Mindful meditation is a powerful way to clear the mind. It can help before an important meeting or a presentation. In the long term, it also sharpens concentration levels, relaxes your body and unlocks energy.
Meditate for one minute. If you can, sit comfortably with your back straight on a chair or bed. It is not necessary to cross your legs to do this. Sit up straight, but not stiff. Your comfort is more important than the way you sit. Imagine that your head is pulled up by a string, so that you look straight ahead. It is okay to close your eyes and smile
If you are not at home, you can still meditate. Do it while you are on a walk, on the train or at your office desk.
Start by observing your breath. Slowly inhale, hold your breath for a second and exhale. Many people find it easier to count while they breathe in (1), breathe out (2)...and in again (3). Once you count to 10, begin anew. Repeat this for about a minute
If you do not know how to prioritise and find out what matters, then ask yourself which activity will bring you closer to your professional and private goals in life.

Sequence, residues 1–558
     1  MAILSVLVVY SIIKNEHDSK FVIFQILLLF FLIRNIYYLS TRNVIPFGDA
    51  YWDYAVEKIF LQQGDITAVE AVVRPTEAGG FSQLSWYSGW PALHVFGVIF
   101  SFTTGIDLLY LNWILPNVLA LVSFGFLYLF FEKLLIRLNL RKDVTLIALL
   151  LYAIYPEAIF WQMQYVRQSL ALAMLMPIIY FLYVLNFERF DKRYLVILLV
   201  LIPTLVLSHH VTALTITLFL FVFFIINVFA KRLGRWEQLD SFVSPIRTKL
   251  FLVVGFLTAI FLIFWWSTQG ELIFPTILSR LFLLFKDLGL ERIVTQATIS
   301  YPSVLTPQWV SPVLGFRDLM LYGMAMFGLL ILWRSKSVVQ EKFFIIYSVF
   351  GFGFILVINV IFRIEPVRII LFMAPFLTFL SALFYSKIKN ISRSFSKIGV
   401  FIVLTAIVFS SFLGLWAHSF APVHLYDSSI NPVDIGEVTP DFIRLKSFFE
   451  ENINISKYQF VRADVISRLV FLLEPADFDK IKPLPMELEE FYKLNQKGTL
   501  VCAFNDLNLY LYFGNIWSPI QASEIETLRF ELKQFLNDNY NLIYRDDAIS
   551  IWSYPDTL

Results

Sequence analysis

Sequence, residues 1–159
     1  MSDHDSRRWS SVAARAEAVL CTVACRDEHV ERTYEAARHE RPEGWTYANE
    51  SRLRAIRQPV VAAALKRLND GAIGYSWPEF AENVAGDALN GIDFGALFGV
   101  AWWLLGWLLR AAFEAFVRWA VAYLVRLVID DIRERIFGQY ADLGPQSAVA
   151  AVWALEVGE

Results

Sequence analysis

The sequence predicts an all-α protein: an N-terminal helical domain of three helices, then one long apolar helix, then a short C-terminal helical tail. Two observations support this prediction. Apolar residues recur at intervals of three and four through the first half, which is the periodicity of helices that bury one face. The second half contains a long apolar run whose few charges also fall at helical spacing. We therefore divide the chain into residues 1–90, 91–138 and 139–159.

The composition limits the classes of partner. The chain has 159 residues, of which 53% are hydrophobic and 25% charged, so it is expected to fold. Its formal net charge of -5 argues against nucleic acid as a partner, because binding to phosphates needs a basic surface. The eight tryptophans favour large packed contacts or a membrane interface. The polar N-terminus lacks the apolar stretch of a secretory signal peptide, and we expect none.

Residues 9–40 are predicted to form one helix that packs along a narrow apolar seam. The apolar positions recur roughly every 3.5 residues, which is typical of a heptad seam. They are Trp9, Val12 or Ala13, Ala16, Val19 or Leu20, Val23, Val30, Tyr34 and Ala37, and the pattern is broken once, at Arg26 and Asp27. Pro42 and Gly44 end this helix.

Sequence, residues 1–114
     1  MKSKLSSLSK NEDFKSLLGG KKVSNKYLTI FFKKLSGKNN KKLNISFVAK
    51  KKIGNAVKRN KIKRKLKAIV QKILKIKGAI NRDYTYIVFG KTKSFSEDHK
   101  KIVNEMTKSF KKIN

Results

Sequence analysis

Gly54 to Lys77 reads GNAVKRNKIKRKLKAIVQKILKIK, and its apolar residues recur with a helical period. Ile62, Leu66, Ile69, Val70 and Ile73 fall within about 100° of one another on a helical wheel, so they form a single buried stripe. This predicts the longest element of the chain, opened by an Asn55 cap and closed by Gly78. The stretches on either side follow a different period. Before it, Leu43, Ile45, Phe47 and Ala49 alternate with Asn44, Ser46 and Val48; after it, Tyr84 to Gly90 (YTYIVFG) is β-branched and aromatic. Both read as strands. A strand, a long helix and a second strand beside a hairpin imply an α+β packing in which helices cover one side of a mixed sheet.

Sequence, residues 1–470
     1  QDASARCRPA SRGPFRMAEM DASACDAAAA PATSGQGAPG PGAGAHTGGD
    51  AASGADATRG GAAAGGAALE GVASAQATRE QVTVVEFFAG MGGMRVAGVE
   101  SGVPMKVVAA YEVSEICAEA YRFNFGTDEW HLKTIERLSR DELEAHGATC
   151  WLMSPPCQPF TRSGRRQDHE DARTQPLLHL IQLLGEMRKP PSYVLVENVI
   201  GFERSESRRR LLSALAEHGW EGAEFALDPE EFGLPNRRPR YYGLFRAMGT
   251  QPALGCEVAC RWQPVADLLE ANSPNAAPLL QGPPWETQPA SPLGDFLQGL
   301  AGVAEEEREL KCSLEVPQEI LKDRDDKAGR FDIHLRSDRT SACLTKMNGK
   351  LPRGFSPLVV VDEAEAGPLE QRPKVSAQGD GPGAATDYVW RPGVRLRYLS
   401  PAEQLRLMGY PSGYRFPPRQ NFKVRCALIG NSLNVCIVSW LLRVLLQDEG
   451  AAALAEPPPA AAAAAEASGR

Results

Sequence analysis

The great point about 1 Minute Meditations is, well…, it only takes 1 minute. Remember this technique the next time you walk into an important meeting, start a presentation or feel anxious about an upcoming conversation. Take this one minute out of your schedule and you’ll be surprised how much better you feel afterwards.
Meditation does not only feel good, it transforms the balance of emotions in the brain. Imaging studies of novice meditators show that the neural pathways that play a role in happiness and executive control are strengthened while the networks that are related to anxiety and stress are lowered.
Enjoy and see you soon!
“Focus your mind and boost your energy! It’s great for concentration and wellbeing, and the best thing? It takes just one minute per day.”
Williams, J. M. G., & Kabat-Zinn, J. (2011). Mindfulness: diverse perspectives on its meaning, origins, and multiple applications at the intersection of science and dharma. Contemporary Buddhism, 12(01), 1-18.